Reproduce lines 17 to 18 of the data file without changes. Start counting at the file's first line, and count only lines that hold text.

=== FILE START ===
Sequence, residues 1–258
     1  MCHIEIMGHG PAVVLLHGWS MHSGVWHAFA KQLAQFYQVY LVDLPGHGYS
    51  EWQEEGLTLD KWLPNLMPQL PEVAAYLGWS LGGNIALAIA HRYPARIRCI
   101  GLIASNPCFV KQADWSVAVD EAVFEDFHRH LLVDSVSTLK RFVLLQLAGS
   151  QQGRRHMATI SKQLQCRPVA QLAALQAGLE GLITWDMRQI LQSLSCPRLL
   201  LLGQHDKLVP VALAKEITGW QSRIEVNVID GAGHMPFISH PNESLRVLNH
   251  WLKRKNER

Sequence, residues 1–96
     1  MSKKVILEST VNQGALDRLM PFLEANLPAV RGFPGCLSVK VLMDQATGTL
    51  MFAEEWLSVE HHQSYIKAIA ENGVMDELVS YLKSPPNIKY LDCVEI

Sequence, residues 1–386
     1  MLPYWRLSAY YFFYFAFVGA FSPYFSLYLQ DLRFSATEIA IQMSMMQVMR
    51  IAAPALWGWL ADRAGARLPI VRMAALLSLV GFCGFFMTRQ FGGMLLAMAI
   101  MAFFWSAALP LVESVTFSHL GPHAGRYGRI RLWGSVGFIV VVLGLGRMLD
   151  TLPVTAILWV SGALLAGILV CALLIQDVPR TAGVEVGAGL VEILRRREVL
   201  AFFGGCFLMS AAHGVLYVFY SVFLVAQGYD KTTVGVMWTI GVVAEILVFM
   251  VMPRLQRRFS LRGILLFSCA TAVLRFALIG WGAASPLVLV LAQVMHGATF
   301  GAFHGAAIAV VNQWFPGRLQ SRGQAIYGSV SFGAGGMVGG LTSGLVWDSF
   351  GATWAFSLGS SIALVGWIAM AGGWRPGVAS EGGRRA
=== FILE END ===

   251  VMPRLQRRFS LRGILLFSCA TAVLRFALIG WGAASPLVLV LAQVMHGATF
   301  GAFHGAAIAV VNQWFPGRLQ SRGQAIYGSV SFGAGGMVGG LTSGLVWDSF